Using a long acellular nerve allograft to "cap" a damaged nerve could control axonal regeneration within the allograft and down-regulate regenerative and pain-related genes in the lesioned nerve. This was demonstrated by D. Pan et al. in an article1 published in the PRS Journal in 2020.
A neuroma is an abnormal nerve formation that develops as a result of peripheral nerve injury, most often traumatic. It is caused by imperfect repair of the injured nerve, resulting in failure to regrow part of the proximal fibers and bulbous swelling of axonal shoots and scar tissue. Its incidence varies according to the affected area.
Symptomatic neuromas cause pain that severely affects the productivity and quality of life of patients, especially amputees, because neuromas can be stimulated by prostheses and cause patients to discontinue using them. To treat or prevent neuroma formation or recurrence, both non-operative modalities (as analgesics) and surgical interventions have been used, but without much success.
Consequently, D. Pan et al. decided to explore an experimental operative approach. Previous research 2-4 on rats has shown that the repair of nerve gaps using long (> 4 cm) acellular nerve allografts can promote axon regeneration for up to 5 weeks.5 But it was unclear whether it could last over a longer period, or whether it could change overall nerve regeneration and pain sensitization.
D. Pan et al. decided to perform a rat sciatic nerve transection and invert and ligate the distal end of the nerve to generate a terminal neuroma model. To do so, they had Thyl-GFP rats (with a Sprague-Dawley background and axons expressing green fluorescent proteins) generated as acellular nerve allograft donors for Lewis rats, allowing imaging of the axons and histomorphometric monitoring of their evolution.
Studies were carried out with three groups to assess the immediate effects of nerve injury: no treatment (control), traction neurectomy, or 5-cm acellular allograft cap attached to the proximal nerve (ANA).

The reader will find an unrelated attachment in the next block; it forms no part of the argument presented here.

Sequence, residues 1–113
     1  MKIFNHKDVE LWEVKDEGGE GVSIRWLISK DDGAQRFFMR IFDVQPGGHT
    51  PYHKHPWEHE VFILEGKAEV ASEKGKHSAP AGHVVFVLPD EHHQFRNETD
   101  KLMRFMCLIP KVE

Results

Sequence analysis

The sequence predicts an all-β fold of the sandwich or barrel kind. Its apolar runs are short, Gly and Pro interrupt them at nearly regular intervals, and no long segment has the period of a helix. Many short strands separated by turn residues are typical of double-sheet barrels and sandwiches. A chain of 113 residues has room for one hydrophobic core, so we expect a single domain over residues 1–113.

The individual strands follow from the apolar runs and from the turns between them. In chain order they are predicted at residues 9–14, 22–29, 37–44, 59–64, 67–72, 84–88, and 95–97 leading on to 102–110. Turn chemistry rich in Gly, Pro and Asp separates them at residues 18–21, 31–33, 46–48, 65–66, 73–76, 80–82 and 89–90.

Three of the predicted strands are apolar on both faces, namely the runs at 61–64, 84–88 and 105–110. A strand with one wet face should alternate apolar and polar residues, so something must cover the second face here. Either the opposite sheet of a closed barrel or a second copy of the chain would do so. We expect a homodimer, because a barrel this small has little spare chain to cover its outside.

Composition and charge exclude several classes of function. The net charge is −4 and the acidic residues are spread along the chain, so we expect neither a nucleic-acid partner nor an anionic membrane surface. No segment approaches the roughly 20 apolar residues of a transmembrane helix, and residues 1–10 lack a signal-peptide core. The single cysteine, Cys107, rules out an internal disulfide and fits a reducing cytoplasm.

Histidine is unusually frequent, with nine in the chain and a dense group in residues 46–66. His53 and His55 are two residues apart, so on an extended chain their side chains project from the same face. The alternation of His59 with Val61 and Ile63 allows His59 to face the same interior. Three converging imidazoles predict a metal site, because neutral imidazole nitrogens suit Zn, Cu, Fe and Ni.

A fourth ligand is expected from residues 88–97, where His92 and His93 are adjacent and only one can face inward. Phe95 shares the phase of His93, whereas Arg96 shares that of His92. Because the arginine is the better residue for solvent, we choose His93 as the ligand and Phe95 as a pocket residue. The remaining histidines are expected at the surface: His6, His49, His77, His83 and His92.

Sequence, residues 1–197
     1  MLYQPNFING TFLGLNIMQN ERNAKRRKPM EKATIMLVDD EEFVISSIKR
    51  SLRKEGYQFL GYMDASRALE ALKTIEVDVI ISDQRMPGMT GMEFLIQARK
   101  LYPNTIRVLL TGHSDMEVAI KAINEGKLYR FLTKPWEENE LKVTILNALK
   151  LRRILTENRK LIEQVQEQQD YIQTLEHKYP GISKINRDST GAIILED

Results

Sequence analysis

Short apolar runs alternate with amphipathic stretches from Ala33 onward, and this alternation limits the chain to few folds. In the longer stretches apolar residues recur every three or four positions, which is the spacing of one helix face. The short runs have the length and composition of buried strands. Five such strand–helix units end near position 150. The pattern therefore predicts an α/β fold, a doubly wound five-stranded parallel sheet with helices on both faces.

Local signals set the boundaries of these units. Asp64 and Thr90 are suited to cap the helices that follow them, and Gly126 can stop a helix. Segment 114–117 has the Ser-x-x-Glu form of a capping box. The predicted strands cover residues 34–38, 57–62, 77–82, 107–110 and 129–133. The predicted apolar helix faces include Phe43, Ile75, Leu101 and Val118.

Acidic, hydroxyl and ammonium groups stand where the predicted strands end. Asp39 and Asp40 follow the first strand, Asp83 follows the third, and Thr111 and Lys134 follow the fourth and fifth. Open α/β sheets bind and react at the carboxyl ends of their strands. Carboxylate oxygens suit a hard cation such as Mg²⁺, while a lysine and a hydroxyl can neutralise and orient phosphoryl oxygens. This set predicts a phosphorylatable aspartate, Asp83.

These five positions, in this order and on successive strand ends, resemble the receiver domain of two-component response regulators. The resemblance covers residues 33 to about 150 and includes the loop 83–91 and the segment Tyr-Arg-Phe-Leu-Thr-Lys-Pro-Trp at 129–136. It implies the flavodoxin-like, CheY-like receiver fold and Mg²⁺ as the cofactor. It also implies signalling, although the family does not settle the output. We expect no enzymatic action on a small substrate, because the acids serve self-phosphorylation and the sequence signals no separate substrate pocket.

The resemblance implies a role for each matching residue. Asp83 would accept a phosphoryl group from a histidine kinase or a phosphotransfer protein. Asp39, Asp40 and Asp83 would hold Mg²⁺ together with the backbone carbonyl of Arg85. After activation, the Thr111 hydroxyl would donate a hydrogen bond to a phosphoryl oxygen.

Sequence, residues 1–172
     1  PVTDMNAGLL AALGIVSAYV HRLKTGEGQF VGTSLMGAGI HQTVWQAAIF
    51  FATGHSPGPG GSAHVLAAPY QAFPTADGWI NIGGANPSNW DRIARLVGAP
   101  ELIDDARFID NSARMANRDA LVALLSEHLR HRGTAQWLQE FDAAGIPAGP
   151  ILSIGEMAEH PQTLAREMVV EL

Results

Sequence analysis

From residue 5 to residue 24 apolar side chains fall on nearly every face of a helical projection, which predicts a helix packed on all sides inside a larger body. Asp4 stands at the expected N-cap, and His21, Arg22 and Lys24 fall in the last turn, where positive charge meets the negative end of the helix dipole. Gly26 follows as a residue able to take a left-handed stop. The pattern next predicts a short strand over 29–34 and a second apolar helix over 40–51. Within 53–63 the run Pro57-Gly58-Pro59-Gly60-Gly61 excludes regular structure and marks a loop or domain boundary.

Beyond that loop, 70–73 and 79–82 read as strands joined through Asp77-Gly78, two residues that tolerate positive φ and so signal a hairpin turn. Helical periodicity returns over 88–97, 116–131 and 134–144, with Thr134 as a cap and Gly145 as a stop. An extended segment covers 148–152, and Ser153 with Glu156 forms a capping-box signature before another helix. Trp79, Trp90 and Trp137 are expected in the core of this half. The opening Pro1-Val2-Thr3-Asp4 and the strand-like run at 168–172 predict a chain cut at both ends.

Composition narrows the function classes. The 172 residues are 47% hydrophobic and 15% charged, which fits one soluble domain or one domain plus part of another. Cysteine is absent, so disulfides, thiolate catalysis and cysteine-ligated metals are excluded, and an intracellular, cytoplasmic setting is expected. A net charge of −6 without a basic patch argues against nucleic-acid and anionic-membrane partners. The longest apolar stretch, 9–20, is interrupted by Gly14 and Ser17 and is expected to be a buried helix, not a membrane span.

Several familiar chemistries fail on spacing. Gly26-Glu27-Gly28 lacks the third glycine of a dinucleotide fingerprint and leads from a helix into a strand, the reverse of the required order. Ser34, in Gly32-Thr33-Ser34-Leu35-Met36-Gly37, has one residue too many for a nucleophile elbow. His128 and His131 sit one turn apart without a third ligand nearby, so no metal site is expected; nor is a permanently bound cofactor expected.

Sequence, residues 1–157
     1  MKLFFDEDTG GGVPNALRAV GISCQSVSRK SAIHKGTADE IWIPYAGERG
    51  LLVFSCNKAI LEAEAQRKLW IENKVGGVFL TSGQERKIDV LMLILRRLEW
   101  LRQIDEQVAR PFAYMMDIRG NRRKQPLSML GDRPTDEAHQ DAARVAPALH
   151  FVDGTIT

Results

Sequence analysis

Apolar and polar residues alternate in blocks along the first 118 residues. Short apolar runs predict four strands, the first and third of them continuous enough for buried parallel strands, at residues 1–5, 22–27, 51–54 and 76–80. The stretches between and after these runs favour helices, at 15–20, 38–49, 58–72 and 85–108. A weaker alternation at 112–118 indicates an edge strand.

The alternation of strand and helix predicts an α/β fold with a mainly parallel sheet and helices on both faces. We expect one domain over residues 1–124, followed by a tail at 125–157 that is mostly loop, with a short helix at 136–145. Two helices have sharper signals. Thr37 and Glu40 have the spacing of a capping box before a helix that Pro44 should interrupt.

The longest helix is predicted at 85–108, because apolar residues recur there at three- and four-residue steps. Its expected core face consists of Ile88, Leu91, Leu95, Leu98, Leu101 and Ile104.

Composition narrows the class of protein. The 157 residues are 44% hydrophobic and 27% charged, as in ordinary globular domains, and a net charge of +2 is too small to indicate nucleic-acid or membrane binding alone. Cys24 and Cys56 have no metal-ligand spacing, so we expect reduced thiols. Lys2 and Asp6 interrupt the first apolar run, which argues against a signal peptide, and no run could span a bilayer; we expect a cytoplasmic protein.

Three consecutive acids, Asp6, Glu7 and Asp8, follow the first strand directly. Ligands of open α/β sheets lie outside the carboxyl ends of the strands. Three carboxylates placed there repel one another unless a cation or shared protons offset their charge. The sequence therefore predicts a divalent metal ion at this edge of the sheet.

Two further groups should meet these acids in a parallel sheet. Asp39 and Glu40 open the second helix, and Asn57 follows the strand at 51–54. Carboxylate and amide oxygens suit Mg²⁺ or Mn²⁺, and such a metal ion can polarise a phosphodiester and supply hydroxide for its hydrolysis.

The growth of axons from Thyl-GFP rats was measured at postoperative days 0, 30 and 120 using a stereo-enabled macroscope with a fluorescent light source. The control group and the traction neurectomy group demonstrated evidence of green fluorescent protein-positive axon growth distal to the site of injury at postoperative days 30 and 120 and a bulbous nerve near the site of initial injury, indicative of a neuroma. For the ANA group, axon extension was observed dynamically over time, but there was a complete lack of regenerated axons in the distal segment of the acellular nerve allograft, even after 5 months.
Fig. 1. An acellular nerve allograft cap arrests axon regeneration within the integrated acellular nerve allograft tissue. Arrowhead: bulbous nerve region within the transected proximal nerve. Note its absence in the acellular nerve allograft-capped nerve.
Dorsal root ganglia harvested at 120 days from all these animals revealed elevated expression of genes associated with regeneration and pain sensitization,6 such as Bdnf, cfos and Galectin, among the control and traction neurectomy groups compared to uninjured nerve dorsal root ganglia. In the ANA group, however, the expression levels of these genes were not statistically different from the uninjured nerve dorsal root ganglia levels. These data suggest a direct link between arresting axon regeneration and modulating gene expression within upstream neurons, and a possible impact on pain or pain sensitization.
Using all of these data, the researchers concluded that the acellular nerve allograft treatment led to changes in gene expression suggestive of a cessation of regeneration and less risk of pain sensitization.
Further studies will be required to better evaluate pain-related behaviors in rat models. It would also benefit to determine whether this in-house approach capping only the severed proximal nerve could supersede existing commercial products connected to proximal and distal nerves, with whom axon regeneration still occurs for distances over 5 cm.
Of note, the optimized Thyl-GFP rat preclinical models used in the study carried out by D. Pan and colleagues were generated by genOway, designer and provider of multiple preclinical models in several research areas, including immuno-oncology, metabolism, cardiovascular diseases, and neuroscience.